As is usually the case, going down was a lot more nerve-racking than going up, especially on the Old Chute. Although we brought rope and pickets to potentially use for this section, Mack and I decided to down climb without them (although we did see another couple use pickets and rope). The going was slow, but we never felt unsafe at any moment. The snow was still firm and stable, and as we got a little lower, we were able to step in the tracks that we’d used/made while ascending. Once we were in the clear (i.e. back to the 30-ish degree slope), we returned to side stepping and plunge stepping. When we reached the Hogsback, we took off our packs, de-layered (since we’d be stepping into the warm sun soon), and finally shoved some food in our mouths to get us through the descent. I glanced one last time at the Old Chute route. Now that the wind wasn’t pummeling us, I could finally let the moment sink in. We’d made it to the top. My heart was singing.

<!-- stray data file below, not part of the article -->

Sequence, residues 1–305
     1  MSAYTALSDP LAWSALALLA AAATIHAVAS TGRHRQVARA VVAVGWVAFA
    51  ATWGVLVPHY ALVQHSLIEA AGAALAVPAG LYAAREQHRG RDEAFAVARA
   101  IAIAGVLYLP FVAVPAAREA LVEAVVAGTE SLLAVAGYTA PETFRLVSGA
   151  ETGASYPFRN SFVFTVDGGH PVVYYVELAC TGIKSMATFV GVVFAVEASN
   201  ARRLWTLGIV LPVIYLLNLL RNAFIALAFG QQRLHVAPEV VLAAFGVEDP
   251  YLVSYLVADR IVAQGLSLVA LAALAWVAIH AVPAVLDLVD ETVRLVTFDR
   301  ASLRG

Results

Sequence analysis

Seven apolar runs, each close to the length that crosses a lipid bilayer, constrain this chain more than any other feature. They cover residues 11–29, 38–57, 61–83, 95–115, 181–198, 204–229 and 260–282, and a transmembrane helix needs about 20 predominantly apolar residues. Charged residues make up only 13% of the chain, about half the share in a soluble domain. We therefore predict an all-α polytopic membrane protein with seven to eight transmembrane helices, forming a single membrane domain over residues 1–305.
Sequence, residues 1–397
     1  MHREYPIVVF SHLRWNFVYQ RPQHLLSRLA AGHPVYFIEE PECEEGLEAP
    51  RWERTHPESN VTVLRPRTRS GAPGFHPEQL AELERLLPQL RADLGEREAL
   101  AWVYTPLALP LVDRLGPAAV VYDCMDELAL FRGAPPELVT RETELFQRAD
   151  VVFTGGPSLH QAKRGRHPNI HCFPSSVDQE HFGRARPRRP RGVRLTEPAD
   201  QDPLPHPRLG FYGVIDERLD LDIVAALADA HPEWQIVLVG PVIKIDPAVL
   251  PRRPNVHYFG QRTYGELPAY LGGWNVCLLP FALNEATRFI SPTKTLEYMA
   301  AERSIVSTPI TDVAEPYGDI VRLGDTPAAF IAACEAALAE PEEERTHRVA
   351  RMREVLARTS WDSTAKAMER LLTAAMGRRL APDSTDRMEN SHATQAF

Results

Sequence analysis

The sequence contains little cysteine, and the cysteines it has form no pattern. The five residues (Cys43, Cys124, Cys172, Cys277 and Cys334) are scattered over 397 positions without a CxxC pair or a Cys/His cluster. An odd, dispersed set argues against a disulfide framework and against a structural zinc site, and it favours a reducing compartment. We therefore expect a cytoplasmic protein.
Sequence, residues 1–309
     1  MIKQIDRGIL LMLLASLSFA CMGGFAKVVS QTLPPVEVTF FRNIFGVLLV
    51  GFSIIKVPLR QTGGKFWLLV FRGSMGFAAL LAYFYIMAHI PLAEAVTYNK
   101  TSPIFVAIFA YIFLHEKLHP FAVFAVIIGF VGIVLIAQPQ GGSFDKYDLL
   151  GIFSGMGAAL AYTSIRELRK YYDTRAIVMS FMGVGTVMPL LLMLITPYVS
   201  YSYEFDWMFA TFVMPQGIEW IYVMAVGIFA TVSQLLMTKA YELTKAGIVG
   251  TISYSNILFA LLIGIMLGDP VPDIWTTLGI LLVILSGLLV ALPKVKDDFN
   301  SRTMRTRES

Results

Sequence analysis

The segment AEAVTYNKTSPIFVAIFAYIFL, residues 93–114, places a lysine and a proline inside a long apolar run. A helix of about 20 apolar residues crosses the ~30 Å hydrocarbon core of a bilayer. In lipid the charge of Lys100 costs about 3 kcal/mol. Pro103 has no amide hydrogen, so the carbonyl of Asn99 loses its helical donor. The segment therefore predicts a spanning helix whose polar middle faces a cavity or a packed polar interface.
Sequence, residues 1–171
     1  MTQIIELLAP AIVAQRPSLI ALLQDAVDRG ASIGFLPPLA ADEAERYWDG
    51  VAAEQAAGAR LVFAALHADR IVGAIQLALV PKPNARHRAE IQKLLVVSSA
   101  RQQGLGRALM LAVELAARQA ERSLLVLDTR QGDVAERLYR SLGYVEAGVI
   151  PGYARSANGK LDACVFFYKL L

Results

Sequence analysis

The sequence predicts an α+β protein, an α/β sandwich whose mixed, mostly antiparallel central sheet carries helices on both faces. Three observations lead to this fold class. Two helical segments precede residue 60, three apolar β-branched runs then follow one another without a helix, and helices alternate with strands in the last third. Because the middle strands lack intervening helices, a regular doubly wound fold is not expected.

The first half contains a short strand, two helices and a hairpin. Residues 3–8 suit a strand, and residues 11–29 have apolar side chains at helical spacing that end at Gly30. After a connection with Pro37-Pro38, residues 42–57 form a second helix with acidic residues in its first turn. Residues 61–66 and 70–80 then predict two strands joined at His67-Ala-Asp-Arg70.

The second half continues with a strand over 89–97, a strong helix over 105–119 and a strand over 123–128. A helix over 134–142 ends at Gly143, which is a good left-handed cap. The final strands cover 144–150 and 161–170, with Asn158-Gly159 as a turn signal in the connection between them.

The rest of the way down was tiresome and uneventful. Seriously considering ski mountaineering. But despite my aching feet, muscles, joints, everything, my head was shouting, “We did it! We did it! We did it!” Upon reaching the last stretch of the climber’s trail, we sprinted down and I immediately pulled out my watch to stop the clock (which hadn’t been paused since we’d set off the night before). 11:03 am. Just under 12 hours round trip to make a longtime dream come true.
Mount Hood was a big turning point for us. We proved to ourselves that we are strong and capable climbers. Most importantly, we learned that it’s something we both enjoy and want to keep doing. Here’s to many more mountains in our future!